PLIBERSEK: Well Alicia, I think Josh is right in terms of very high profile incidents, but I think the harm in this is actually at a much more human level. I visited a Headspace youth mental health service last week in Sunshine, and the young people there were talking about the distress that this is causing them. We know that calls to Beyond Blue have increased by 40 per cent. We've written to the Government asking for extra support for Beyond Blue and other counselling services - that hasn't happened. I meet people all the time, they thought they were just fine with who they are, they're out, they're proud, but this is taking a toll on everybody. It is taking a toll on everybody.

LOXLEY: Michael has called in from Keilor with a question. Hi Michael.

CALLER: I just wanting to ask the Minister, will you ask him to give examples of the drivers licenses against passports - two of the examples he mentioned were people who tried to bomb the plane and then he mentions people around airports. And I'm just wondering how them having the knowledge of the passports, drivers licenses, how in any way having drivers licenses images would help? I mean, even the lone gunman in Sydney at the cafe, how would having the drivers license help find terrorists?

LOXLEY: Josh Frydenberg?

FRYDENBERG: Well about half the population today have a photograph in a Federal Government database, of one kind or another like a passport or some other form of identification. That means around half the population don't and we would obviously welcome a larger database so that the police and law enforcement agencies are able to more quickly identify people of interest, those who may be suspected of various activities such as terrorism. So by having a larger database, given the techniques that the law enforcement agencies use, this is no doubt going to be beneficial to them.

LOXLEY: Tanya Plibersek, your response?

PLIBERSEK: Well I think your caller's right, in the horrible situation in Martin Place, this wouldn't have made a difference. But it may in other circumstances. We need to see the details and we need to see whether there are proper safeguards to make sure that this information is used appropriately.

LOXLEY: Just before I let you both go. Of course the horrific incident that we've seen in Las Vegas, there has been raging debate in the US about gun control. We've got a text message here saying: “I feel more threatened by politcians like Leyonhjelm and Katter thinking about loosening gun control laws than by terrorism”. Josh Frydenberg to you first, do you believe is the gun control debate over in Australia? Because after 5:00 pm we're speaking to a local politician who thinks they should be relaxed.

FRYDENBERG: Well I'm certainly against any relaxing of gun laws, and I think I speak for the vast majority of Australians. We are horrified to see the innocent loss of life in the United States, again, and there is too many cases of these lone wolf shootings for them to be isolated instances. They're not, and I think many people in the United States look to Australia's gun laws as a model for what they would hope their country to adopt. And John Howard deserves a lot of credit for what he did back when he was Prime Minister in legislation for these changes, and no one will ever forget that iconic photo of him turning up at a rally with his bullet-proof vest showing through his suit because of the threats that he faced. The various reforms that he sought which have stood the test of time, and we've all been the beneficiaries of it.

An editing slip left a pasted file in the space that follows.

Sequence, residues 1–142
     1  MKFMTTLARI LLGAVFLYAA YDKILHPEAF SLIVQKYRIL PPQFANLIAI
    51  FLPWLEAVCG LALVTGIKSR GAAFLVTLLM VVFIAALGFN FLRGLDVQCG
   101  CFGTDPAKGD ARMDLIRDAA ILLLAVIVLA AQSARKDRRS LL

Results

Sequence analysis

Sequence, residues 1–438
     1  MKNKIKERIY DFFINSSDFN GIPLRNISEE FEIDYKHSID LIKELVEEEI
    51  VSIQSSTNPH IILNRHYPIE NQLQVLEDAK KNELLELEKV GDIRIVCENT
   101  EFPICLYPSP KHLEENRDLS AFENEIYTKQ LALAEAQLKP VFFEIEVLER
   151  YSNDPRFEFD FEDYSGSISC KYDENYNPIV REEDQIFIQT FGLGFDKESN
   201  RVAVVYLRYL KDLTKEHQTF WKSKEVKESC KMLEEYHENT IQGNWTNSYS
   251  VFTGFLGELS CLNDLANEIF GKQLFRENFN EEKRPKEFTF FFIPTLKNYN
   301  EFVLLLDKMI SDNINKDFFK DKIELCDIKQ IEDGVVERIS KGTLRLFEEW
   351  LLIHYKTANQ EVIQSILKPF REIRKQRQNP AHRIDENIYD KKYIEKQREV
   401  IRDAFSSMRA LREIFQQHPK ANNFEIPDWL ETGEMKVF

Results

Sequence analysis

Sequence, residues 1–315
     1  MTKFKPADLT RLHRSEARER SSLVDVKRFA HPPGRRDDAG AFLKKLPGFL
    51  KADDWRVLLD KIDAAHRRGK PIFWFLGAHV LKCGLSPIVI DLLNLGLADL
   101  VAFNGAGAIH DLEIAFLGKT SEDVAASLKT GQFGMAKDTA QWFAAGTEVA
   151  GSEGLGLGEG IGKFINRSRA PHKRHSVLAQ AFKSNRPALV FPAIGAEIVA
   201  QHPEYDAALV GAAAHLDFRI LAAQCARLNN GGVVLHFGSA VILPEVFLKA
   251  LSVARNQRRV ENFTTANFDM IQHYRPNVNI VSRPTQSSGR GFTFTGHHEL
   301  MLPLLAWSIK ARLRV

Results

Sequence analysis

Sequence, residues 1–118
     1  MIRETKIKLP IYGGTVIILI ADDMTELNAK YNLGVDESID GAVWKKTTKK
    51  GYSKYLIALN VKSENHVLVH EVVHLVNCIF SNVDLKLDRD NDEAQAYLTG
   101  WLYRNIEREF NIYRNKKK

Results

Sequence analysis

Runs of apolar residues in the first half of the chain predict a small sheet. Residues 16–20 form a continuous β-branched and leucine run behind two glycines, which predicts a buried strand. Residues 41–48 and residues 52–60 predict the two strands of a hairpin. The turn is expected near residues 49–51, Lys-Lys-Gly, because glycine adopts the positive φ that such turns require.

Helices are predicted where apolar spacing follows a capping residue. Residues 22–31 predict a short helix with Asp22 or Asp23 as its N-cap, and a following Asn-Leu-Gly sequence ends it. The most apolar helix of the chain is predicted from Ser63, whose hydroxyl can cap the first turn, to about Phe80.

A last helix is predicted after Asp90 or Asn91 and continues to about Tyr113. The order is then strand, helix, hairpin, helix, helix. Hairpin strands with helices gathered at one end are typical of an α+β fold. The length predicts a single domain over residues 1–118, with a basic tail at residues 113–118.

LOXLEY: And just quickly, Tanya Plibersek, is vigilance still needed here in Australia?

PLIBERSEK: I absolutely agree that it was probably the best thing that the Howard Government did. Very brave at the time and brave of Tim Fischer as well. But I do have concerns that things have been slipping in recent years. I think the debate around the Adler classification shows that there is division within the Liberal and National Parties and I was actually very surprised to hear Minister Keenan today didn’t realise that a piece of legislation that had passed the Senate, was ready to be voted on in the House of Representatives that would actually tighten the provisions around gun trafficking, was just stalled in the House of Representatives. Labor wrote to the Minister in May asking him to bring this legislation on, it's the Government's own legislation with amendments proposed by Labor but accepted by the Government. It's just been sitting there and apparently the Minister didn't realise that it had passed through the Senate.

LOXLEY: We'll have to leave it there. Tanya Plibersek, Josh Frydenberg, thanks so much for your time on Pollie Graph this week.

FRYDENBERG: Nice to be with you both.

PLIBERSEK: Terrific.

 

ENDS